Villaraigosa Not Seriously Challenged as Caruso Decides Not to Run

Developer Rick Caruso announced Friday that he won't challenge Los Angeles Mayor Antonio Villaraigosa in the March 3 city
election, saying the job would place too heavy a burden on his family.

The announcement means that, with the deadline to file being noon Saturday, the mayor is unlikely to encounter any serious opposition in his re-election bid. Villaraigosa was part of a group meeting in Chicago with President-elect Barack Obama on economic issues on Friday.

Ending months of speculation, Caruso said in a statement that he was "genuinely grateful for all the encouragement I have received from people all over this city to run for mayor and the confidence they put in me."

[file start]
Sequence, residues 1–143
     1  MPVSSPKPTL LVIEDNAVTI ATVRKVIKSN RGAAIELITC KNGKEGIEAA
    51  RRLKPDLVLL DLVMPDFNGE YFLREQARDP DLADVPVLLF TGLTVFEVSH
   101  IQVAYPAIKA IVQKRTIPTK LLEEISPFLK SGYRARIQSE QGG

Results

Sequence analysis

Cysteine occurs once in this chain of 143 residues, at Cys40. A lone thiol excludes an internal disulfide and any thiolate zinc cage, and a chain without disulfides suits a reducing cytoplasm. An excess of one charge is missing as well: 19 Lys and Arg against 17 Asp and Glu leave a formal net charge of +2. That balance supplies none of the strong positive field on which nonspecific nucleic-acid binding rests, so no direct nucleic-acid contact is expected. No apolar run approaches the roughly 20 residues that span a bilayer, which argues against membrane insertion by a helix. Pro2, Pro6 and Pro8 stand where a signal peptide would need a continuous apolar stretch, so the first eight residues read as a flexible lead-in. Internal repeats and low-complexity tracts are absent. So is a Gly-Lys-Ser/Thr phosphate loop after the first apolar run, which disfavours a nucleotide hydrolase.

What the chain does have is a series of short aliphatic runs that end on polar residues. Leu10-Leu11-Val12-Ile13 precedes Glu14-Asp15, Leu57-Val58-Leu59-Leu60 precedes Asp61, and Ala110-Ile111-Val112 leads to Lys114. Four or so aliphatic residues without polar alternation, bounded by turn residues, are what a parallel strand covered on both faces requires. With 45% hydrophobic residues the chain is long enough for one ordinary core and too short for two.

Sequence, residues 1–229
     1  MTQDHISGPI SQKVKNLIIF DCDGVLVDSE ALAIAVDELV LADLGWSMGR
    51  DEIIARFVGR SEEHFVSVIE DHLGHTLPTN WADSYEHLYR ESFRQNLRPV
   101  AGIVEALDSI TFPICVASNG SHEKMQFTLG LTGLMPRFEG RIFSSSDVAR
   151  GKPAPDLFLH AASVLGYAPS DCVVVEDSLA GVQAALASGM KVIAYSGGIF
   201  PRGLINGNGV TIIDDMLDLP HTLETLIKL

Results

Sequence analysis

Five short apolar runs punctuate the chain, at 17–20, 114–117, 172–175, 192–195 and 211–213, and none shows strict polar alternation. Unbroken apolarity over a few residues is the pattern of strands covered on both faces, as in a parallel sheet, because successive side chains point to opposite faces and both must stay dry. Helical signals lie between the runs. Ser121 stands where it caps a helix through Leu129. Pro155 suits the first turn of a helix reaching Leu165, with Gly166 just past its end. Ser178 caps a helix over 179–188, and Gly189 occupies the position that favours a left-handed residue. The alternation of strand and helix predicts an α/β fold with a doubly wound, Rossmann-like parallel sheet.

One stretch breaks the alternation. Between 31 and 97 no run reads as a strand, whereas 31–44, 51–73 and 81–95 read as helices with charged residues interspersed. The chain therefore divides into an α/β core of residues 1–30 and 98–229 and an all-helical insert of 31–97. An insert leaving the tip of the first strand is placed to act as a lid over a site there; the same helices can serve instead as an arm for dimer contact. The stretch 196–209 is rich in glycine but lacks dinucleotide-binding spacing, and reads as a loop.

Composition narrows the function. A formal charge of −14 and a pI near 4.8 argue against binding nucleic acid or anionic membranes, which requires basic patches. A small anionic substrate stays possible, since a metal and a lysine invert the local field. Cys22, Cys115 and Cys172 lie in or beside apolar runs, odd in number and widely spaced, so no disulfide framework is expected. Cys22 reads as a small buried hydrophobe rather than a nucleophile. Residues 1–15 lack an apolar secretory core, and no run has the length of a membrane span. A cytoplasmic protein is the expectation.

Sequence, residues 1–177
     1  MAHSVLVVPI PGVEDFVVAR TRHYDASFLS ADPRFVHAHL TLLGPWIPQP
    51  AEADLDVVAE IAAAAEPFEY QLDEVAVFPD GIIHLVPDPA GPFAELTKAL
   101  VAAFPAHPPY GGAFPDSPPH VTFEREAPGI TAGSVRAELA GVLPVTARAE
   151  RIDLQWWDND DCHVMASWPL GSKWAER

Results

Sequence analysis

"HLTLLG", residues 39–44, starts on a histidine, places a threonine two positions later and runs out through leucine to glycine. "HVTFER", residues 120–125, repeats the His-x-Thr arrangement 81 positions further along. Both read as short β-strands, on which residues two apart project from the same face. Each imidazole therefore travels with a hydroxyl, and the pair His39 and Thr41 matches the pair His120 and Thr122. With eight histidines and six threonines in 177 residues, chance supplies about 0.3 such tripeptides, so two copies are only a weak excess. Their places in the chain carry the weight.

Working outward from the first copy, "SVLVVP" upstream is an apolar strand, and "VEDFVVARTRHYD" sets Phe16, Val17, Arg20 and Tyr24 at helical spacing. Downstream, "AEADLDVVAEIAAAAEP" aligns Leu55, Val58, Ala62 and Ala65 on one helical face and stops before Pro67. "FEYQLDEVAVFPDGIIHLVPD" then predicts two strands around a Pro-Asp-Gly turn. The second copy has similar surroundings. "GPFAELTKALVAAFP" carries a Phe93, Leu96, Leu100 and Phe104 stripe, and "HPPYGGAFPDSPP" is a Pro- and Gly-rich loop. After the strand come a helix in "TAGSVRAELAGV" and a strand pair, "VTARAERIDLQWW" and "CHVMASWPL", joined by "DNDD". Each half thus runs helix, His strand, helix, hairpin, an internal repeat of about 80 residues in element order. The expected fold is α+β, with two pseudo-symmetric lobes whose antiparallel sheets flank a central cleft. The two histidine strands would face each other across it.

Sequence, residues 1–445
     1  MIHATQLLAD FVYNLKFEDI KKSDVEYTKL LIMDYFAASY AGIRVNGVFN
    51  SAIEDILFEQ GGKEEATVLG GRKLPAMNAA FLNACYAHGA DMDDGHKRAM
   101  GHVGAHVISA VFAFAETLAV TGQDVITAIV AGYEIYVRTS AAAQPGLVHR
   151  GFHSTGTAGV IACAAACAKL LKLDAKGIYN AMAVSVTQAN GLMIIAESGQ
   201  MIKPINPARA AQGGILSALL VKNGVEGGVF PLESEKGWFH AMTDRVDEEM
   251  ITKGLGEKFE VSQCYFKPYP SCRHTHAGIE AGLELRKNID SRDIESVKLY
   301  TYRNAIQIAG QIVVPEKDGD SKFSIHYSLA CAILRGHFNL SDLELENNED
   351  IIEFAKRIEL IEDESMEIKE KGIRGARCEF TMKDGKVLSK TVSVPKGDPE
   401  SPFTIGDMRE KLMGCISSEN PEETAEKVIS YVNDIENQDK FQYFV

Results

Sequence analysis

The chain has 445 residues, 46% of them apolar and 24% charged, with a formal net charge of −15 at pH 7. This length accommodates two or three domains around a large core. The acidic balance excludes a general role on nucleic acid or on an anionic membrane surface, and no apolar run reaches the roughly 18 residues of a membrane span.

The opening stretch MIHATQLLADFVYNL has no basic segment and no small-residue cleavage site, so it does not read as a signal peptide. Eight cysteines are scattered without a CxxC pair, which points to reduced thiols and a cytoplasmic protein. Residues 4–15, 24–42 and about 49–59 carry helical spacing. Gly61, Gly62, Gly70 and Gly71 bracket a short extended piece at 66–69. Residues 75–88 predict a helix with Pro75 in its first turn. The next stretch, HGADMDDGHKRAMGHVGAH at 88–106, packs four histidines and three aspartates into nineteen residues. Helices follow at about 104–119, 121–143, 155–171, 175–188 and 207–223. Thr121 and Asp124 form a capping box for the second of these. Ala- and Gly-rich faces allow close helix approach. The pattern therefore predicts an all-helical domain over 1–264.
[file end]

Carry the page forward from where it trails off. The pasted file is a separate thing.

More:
But, he added, "I have decided that the obligation of serving as mayor would put a burden on my family that is too much at this point in their lives and, as a result, I will not be a candidate in the upcoming campaign for mayor."

He said it would be better if the youngest two of his four children "were a little older before they make the sacrifices that are required of the families of elected officials. I hope there will be other opportunities for me to run for mayor, but my children will only be kids once."

Experts said Caruso's wealth would have enabled him to conduct a credible campaign.

Caruso is best known as the developer of The Grove shopping center. He also served on the Police and Water and Power commissions.

The biggest name among the 14 prospective candidates who have file declarations of intent to run against Villaraigosa is Walter Moore, a lawyer who finished sixth in the 2005 mayoral race with 11,409 votes, 2.77 percent of the total.

Moore has raised slightly more than $180,000 since January 2007, compared to $2.3 million by Villaraigosa.

Contact Us